I want to render a stacked bar graph in image format on the server.

The intended use is to push to a service like twitter that doesn't support SVG. As well as the code being being deployable to services like Heroku

I've already tried Plotly (their node package is horribly out of date and their API docs poor). I've also looked at Google Graph, Chart.js and AnyChart but they do not support rendering images far as I can see

3 Answers 3


You can accomplish this with Vega

Vega is a visualization grammar, a declarative format for creating, saving, and sharing interactive visualization designs. With Vega you can describe data visualizations in a JSON format, and generate interactive views using either HTML5 Canvas or SVG.

For example, using the stacked bar chart example spec you can render the chart to PNG file with the following code:

// START vega-demo.js
var vega = require('vega')
var fs = require('fs')

var stackedBarChartSpec = require('./stacked-bar-chart.spec.json');

// create a new view instance for a given Vega JSON spec
var view = new vega

// generate static PNG file from chart
  .then(function (canvas) {
    // process node-canvas instance for example, generate a PNG stream to write var
    // stream = canvas.createPNGStream();
    console.log('Writing PNG to file...')
    fs.writeFile('stackedBarChart.png', canvas.toBuffer())
  .catch(function (err) {
    console.log("Error writing PNG to file:")
// END vega-demo.js

// START stacked-bar-chart.spec.json 
  "$schema": "https://vega.github.io/schema/vega/v3.0.json",
  "width": 500,
  "height": 200,
  "padding": 5,

  "data": [
      "name": "table",
      "values": [
        {"x": 0, "y": 28, "c":0}, {"x": 0, "y": 55, "c":1},
        {"x": 1, "y": 43, "c":0}, {"x": 1, "y": 91, "c":1},
        {"x": 2, "y": 81, "c":0}, {"x": 2, "y": 53, "c":1},
        {"x": 3, "y": 19, "c":0}, {"x": 3, "y": 87, "c":1},
        {"x": 4, "y": 52, "c":0}, {"x": 4, "y": 48, "c":1},
        {"x": 5, "y": 24, "c":0}, {"x": 5, "y": 49, "c":1},
        {"x": 6, "y": 87, "c":0}, {"x": 6, "y": 66, "c":1},
        {"x": 7, "y": 17, "c":0}, {"x": 7, "y": 27, "c":1},
        {"x": 8, "y": 68, "c":0}, {"x": 8, "y": 16, "c":1},
        {"x": 9, "y": 49, "c":0}, {"x": 9, "y": 15, "c":1}
      "transform": [
          "type": "stack",
          "groupby": ["x"],
          "sort": {"field": "c"},
          "field": "y"

  "scales": [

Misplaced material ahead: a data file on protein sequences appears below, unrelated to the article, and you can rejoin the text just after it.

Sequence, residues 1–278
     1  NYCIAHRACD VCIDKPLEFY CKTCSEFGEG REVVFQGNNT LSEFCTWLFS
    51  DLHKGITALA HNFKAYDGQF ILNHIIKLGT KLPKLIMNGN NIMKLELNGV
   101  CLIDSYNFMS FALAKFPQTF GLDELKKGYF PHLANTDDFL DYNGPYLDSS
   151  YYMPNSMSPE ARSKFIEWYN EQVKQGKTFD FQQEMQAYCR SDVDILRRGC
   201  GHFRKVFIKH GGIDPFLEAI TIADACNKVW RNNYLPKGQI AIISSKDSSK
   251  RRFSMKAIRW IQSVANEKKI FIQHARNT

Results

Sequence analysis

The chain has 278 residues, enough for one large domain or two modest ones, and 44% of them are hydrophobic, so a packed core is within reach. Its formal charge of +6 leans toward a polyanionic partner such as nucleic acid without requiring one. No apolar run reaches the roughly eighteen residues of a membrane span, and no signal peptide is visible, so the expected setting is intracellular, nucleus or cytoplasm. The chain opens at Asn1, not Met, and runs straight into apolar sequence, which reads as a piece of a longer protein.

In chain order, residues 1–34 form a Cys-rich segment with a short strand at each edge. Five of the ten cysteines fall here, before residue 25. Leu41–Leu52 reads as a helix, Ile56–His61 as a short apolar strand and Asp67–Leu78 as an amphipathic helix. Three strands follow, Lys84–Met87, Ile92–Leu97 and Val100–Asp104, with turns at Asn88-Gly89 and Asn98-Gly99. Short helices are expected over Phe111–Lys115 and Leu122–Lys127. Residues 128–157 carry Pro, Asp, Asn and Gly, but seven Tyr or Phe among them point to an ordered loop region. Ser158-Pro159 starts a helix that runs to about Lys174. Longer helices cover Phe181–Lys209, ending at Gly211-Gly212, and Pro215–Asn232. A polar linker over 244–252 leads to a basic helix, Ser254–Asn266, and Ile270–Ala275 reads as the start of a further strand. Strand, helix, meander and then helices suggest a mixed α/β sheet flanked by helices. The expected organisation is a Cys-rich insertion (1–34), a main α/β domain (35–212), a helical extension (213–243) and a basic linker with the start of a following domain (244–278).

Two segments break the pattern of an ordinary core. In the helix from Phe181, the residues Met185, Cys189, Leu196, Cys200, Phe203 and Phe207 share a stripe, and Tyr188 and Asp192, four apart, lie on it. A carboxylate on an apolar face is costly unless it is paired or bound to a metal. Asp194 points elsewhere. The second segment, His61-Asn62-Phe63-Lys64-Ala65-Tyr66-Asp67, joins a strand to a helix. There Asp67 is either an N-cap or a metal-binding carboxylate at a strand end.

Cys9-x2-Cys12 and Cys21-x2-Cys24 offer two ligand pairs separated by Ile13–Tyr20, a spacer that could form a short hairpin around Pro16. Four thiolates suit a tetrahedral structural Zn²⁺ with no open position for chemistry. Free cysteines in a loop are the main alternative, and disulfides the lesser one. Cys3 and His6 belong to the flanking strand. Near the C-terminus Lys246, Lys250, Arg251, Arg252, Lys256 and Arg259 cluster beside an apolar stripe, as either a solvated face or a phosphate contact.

"name": "x",
      "type": "band",
      "range": "width",
      "domain": {"data": "table", "field": "x"}
      "name": "y",
      "type": "linear",
      "range": "height",
      "nice": true, "zero": true,
      "domain": {"data": "table", "field": "y1"}
      "name": "color",
      "type": "ordinal",
      "range": "category",
      "domain": {"data": "table", "field": "c"}

  "axes": [
    {"orient": "bottom", "scale": "x", "zindex": 1},
    {"orient": "left", "scale": "y", "zindex": 1}

  "marks": [
      "type": "rect",
      "from": {"data": "table"},
      "encode": {
        "enter": {
          "x": {"scale": "x", "field": "x"},
          "width": {"scale": "x", "band": 1, "offset": -1},
          "y": {"scale": "y", "field": "y0"},
          "y2": {"scale": "y", "field": "y1"},
          "fill": {"scale": "color", "field": "c"}
        "update": {
          "fillOpacity": {"value": 1}
        "hover": {
          "fillOpacity": {"value": 0.5}
// END stacked-bar-chart.spec.json

Will output PNG file: stacked bar chart example

  • 1
    Vega was my favorite between it, Plotly and a couple different libs I found to wrap graphjs. Initially I struggled with Vega, but by using playgrounds on Codepen I was able to figure out where I was going wrong. Now it's definitely my fav :D Dec 15, 2018 at 19:55
  • 1
    Also, github.com/vega/vega-lite has a higher-level api on top of vega. Worth checking if you want simplicity first (not flexibility first) Aug 16, 2019 at 9:40

I capture charts, visualizations and reports under Node.js using the Nightmare headless browser.